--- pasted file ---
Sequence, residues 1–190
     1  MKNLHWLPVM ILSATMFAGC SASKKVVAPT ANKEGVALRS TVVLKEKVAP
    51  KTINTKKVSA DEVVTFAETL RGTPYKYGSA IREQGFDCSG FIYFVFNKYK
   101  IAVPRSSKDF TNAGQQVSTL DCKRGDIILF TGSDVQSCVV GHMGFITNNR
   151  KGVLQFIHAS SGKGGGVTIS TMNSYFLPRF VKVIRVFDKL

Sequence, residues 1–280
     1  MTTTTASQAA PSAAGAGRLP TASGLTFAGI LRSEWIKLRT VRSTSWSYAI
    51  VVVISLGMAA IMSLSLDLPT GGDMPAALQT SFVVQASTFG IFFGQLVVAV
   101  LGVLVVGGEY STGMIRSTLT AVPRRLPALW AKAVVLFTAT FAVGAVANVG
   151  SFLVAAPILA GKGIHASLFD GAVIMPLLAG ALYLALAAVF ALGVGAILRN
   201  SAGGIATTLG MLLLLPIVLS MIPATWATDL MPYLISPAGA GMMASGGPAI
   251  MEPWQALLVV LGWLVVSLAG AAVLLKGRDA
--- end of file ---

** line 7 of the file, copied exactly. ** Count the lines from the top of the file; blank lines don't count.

     1  MTTTTASQAA PSAAGAGRLP TASGLTFAGI LRSEWIKLRT VRSTSWSYAI